I had previously mentioned that I thought Dumbo was the shortest Disney animated feature, but technically that’s not true. The shortest is actually Saludos Amigos, a collection of four short cartoons interspersed with footage of Disney employees in South America. The tour of the continent was part of the Good Neighbor Policy that the United States had toward South America, and the cartoons were all combined into one feature film because Disney thought they might not be all that successful on their own. The cartoons are:
Lake Titicaca – This one utilizes the common tactic of a narrator playing straight man to a cartoon character, in this case Donald Duck, who’s visiting the titular lake. It’s a quite slapstick affair, with Donald ruining a reed boat and trying to get a llama across a broken suspension bridge.
Pedro – One of many cartoons that bestows life on an inanimate object, the hero this time is a young Chilean airplane flying his first mail route. Also brought to life is Aconcagua, the highest peak in the Andes, which provides a nemesis for Pedro. Honestly, this short didn’t really do anything for me, although I kind of liked the idea of the evil mountain. Apparently a Chilean cartoonist was so bothered by the idea that Pedro might be the image the outside world has a Chile, the short inspired him to create his own cartoon character, Condorito.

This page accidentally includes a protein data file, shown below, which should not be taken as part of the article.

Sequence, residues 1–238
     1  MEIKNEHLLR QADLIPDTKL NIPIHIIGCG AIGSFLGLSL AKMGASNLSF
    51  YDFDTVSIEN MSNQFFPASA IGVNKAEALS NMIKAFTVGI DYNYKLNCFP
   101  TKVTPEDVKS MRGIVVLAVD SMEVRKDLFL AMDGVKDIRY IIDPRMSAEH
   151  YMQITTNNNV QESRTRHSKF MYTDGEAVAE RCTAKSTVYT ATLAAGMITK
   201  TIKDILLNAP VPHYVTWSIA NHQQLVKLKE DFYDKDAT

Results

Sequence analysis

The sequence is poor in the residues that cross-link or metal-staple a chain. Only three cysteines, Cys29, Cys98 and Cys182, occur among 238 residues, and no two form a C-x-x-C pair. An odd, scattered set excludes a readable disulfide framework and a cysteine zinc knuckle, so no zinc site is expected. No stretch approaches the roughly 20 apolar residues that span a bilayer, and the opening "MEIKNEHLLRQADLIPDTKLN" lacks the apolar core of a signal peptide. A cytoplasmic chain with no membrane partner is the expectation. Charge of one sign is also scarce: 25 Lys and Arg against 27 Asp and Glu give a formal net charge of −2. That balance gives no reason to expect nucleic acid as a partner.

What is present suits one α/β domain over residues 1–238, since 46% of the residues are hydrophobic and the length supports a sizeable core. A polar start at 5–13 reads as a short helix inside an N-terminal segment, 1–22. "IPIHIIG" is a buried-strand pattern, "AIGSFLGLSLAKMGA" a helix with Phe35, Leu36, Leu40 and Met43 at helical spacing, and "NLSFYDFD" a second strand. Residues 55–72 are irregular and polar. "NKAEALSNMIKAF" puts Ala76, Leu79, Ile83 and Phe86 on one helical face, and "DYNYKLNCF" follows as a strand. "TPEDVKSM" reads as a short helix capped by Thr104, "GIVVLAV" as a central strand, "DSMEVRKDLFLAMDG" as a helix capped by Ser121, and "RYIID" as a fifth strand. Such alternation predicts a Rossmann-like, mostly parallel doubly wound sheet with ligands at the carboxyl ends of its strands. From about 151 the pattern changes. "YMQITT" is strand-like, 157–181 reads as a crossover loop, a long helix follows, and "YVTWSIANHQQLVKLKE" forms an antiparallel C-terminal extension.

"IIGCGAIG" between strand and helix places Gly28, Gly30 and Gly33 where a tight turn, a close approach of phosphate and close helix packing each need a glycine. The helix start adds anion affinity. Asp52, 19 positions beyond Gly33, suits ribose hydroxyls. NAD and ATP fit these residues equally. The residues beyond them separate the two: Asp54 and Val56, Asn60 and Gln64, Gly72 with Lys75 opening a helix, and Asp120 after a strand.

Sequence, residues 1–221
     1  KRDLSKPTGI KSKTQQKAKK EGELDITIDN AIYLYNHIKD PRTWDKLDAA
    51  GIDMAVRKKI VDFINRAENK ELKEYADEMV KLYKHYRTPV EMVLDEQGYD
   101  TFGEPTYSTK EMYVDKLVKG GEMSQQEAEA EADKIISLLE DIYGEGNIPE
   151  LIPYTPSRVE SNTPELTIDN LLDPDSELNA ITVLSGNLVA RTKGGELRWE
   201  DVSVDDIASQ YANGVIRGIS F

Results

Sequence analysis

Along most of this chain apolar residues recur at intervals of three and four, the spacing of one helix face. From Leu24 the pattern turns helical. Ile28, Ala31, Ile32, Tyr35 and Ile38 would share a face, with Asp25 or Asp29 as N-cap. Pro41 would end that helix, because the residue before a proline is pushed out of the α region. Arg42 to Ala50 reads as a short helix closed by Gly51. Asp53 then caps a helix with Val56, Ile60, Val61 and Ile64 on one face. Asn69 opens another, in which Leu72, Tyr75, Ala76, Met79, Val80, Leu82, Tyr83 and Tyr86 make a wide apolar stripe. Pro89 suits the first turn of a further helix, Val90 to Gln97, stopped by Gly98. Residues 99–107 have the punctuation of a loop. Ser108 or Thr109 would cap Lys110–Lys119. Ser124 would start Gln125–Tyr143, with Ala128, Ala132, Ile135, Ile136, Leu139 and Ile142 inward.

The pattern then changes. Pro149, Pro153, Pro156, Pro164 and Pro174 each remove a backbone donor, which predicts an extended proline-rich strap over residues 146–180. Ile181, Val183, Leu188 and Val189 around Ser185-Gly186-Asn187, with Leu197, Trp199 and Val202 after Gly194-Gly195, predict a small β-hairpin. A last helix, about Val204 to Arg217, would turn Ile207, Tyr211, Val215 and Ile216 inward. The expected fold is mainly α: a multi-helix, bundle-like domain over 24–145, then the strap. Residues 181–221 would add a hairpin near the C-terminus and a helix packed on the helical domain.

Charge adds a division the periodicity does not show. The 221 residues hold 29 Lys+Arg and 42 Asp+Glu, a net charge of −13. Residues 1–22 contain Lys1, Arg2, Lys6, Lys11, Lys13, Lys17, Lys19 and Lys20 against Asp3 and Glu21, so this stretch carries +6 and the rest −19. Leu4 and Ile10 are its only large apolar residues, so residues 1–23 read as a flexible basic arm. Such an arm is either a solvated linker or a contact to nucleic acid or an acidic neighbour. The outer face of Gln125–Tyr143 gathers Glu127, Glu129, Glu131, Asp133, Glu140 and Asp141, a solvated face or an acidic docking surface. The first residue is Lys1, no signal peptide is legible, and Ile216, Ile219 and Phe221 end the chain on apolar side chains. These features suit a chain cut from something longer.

El Gaucho Goofy – Another narrator-as-straight-man cartoon, this time with Goofy learning the life of the Argentinian gaucho, and being the object of affection for an amorous horse. Old cartoons were never shy about depicting really awkward romantic situations, were they? The version of this cartoon that I saw had been edited somewhat to remove scenes of Goofy smoking a cigarette. See here for details.
Aquarela do Brasil – Donald gets a second South American outing, in which he meets the Brazilian parrot José Carioca. José teaches Donald about the samba to the song that provided the short’s name. Often known simply as “Brazil,” it’s a celebratory song about the nation with a very recognizable samba beat. It was featured heavily in Terry Gilliam’s film Brazil, and Beth noted the similarity to the Moxy Früvous song “I Love My Boss.”
Anyway, the title actually means “watercolor of Brazil,” and Disney took that literally, showing scenes of the nation being painted around Donald and José. At the end of this cartoon, the whole movie ends abruptly, although the video Beth has includes some behind-the-scenes footage after the feature proper.
So what is there to say about this one? Taken individually, the cartoons are well-rendered and have their moments of cleverness, but they’re nothing spectacular. Taken as a whole, though, I like the idea of a set of themed shorts about South America, and there’s an interesting historical value to the picture.